Home Impact producer Column: OPEC+ seems to want crude oil at $90. He may end up defending $50: Russell

Column: OPEC+ seems to want crude oil at $90. He may end up defending $50: Russell


The logo of the Organization of the Petroleum Exporting Countries (OPEC) is pictured at its headquarters in Vienna, Austria August 21, 2015. REUTERS/Heinz-Peter Bader

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LAUNCESTON, Australia, September 6 (Reuters) – It is tempting to dismiss the OPEC+ group’s decision to cut crude oil production by 100,000 barrels per day (bpd) in October as a statistical insignificance that is unlikely to have any real impact on the market.

While the grower group’s small adjustment to the production targets won’t make a big difference to the global balance between supply and demand, Monday’s announcement has significance: it signals the intention of OPEC+ to defend crude oil prices.

OPEC+, which consists of the Organization of the Petroleum Exporting Countries (OPEC) and allies including Russia, said it would reverse the 100,000 bpd increase in production in October, a move aimed at to support prices. Read more

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Although the group does not explicitly state its preferred price level, based on its current and recent actions, it is likely that the target is above $90 a barrel.

The problem for OPEC+ is that aiming for that level now, when the global economy is likely heading into an energy price-led recession, increases the risk of being forced to take stronger action to defend 50 dollars in six months after the demand crash.

OPEC+ likely based its October decision on the advice of the group’s technical committee that the market is expected to experience an oversupply of around 400,000 bpd this year, before moving into a slight deficit of around 300,000. bpd in 2023.

The message from some of the OPEC+ leaders, including Saudi Energy Minister Prince Abdulaziz bin Salman al-Saud, has been that the raw paper market has been volatile in tight trading and is pricing in a drop in demand which is not evident in the physical market.

This may well be a valid argument in the current circumstances. But the risk is that by the time mid-winter hits the northern hemisphere, the situation is entirely different.

Europe likely heads into recession as energy costs soar following the loss of Russian natural gas supplies as part of the fallout from Moscow’s February 24 invasion of Ukraine . Russia calls its actions there “a special operation.”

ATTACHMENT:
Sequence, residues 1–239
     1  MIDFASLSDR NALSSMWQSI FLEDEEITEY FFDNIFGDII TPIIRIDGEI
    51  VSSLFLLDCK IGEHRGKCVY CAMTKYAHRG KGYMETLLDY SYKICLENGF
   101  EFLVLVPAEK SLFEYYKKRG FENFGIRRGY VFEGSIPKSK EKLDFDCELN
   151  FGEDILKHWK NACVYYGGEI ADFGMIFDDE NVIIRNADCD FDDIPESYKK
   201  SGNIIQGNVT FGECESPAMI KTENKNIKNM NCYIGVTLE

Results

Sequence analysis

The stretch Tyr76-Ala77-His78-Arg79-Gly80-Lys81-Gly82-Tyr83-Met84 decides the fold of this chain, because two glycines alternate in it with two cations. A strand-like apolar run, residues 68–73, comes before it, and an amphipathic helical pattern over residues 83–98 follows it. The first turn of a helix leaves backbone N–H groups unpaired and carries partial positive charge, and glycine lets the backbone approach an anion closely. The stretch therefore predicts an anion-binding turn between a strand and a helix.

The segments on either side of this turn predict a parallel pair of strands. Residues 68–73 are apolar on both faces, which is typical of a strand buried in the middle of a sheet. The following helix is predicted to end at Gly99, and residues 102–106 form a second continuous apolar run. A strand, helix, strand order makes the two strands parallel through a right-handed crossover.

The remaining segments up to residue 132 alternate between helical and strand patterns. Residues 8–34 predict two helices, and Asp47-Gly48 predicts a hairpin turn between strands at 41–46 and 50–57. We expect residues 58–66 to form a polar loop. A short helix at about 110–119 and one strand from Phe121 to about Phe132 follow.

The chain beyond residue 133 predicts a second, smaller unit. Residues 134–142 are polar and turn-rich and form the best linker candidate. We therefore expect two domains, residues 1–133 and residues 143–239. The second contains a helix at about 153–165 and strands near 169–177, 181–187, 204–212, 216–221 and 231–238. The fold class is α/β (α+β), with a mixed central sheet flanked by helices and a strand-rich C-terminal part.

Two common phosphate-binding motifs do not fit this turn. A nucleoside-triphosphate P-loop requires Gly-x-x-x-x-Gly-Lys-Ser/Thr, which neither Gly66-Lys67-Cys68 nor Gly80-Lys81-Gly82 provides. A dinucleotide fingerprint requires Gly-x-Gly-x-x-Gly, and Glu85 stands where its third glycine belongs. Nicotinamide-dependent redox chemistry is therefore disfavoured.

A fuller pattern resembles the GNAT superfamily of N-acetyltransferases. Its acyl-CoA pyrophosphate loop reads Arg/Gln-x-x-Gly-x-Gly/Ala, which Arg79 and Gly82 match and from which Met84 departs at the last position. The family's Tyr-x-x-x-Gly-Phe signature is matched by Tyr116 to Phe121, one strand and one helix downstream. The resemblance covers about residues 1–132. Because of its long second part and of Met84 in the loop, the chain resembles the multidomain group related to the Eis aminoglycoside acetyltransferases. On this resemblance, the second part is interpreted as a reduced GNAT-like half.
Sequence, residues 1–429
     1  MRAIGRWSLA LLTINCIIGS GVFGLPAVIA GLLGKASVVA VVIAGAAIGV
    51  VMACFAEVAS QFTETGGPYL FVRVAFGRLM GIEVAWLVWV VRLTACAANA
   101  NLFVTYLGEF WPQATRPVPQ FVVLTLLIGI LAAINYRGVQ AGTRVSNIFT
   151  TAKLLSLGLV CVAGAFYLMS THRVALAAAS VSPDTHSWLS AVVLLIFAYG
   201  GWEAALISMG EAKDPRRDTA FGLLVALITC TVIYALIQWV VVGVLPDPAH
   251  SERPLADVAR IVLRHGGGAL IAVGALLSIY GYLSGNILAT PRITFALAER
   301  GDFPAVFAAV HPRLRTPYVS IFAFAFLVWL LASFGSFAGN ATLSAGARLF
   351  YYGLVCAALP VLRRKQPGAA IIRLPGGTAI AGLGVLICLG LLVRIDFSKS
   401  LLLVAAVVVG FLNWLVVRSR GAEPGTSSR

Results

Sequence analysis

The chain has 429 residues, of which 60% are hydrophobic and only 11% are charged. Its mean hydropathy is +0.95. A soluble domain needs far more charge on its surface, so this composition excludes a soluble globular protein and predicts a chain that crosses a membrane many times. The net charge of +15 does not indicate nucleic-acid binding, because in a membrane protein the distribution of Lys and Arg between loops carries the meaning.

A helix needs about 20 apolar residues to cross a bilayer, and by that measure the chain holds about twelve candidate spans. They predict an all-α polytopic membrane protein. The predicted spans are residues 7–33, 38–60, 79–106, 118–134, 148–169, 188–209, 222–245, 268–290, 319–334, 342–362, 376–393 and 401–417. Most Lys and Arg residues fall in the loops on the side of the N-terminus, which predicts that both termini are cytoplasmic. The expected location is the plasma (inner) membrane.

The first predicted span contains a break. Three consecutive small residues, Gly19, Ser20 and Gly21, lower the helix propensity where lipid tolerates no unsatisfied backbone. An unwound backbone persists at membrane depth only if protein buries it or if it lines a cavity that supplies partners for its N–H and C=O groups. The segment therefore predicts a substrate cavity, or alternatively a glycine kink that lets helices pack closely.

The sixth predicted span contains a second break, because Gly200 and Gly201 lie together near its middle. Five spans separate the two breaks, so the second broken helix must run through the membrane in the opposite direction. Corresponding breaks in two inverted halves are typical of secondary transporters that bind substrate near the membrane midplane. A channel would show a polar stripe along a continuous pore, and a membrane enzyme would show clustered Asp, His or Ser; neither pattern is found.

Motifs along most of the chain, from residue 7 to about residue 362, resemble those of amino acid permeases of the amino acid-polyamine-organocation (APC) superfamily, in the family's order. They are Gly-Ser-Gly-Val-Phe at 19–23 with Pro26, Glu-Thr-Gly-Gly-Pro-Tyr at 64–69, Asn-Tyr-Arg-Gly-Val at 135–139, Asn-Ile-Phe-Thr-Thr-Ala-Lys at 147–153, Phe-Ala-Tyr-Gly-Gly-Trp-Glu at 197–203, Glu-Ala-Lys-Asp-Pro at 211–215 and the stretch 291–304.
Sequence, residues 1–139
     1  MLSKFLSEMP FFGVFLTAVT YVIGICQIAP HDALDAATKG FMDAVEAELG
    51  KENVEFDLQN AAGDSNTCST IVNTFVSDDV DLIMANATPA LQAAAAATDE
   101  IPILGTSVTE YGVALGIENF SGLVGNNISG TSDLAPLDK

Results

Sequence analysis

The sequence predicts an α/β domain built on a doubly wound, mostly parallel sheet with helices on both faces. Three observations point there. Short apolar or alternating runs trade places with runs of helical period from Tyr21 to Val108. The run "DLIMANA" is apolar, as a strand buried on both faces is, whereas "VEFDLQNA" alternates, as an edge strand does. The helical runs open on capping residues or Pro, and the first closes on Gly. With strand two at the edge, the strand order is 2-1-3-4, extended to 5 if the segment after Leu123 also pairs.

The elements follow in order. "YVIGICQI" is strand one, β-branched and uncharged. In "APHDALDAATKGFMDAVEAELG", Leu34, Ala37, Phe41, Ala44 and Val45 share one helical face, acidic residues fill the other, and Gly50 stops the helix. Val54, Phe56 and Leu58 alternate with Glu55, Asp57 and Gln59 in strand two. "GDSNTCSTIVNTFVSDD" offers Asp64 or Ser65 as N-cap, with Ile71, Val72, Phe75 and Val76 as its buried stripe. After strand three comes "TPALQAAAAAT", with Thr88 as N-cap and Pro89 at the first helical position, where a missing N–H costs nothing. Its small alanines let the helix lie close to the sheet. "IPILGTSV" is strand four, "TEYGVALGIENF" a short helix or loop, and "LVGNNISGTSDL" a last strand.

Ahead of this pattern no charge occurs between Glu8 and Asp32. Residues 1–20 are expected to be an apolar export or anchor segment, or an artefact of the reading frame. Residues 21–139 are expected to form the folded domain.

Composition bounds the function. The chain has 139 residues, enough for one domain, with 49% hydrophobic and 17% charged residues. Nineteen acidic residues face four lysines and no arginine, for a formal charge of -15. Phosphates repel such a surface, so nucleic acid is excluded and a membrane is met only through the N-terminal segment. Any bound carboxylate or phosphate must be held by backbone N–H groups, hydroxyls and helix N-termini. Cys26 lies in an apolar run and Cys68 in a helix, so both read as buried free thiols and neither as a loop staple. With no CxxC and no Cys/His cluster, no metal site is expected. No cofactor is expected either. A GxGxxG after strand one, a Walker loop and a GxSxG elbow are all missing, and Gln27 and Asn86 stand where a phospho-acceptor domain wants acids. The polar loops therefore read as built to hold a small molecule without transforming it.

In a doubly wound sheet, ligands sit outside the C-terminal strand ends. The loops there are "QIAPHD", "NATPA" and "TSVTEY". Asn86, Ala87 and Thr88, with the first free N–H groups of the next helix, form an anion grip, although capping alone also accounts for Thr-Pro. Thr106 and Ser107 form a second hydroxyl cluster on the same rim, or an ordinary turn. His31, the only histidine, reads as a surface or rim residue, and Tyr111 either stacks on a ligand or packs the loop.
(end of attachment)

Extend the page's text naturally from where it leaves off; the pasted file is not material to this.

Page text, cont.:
Soaring natural gas and liquefied natural gas (LNG) prices have pushed thermal coal to record highs. It has also kept diesel prices high as the fuel, used primarily for transportation, becomes competitive for power generation.

Soaring prices have already forced energy-intensive industries in Europe, such as metal smelters, to close or reduce production. The situation will only get worse in the coming months as the costs are passed on to small businesses and consumers.


The full impact of high inflation and rising interest rates usually takes some time to manifest. The risk for the global economy is that all the negative factors start to kick in around the same time, namely the peak in winter energy demand.

Crude oil prices have fallen during previous global economic contractions, and the same is likely to happen this time around. This would make it difficult for OPEC+ to defend a crude price level increasingly out of step with emerging economic realities.

A potential deal between Iran and the United States over the Islamic Republic’s nuclear program could also resupply the global market, further complicating matters for OPEC+.

It is not only in Europe where there is a question mark over demand. High energy prices are also starting to hurt Asian economies, adding to an already weak picture in China, the world’s biggest importer of crude oil.

China is battling to boost its economy after imposing COVID-19 lockdowns in several major cities earlier this year, and the lockdown of Shenzhen and Chengdu last week added to the idea that China could remain a weak spot for oil demand.

All in all, it is becoming increasingly difficult to say that crude oil should exceed $90 a barrel by the end of the year. The risk for OPEC+ is that if it tries to force the price to stay at this level by restricting supply, it will only cause a deeper and longer global recession.

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Editing by Kenneth Maxwell

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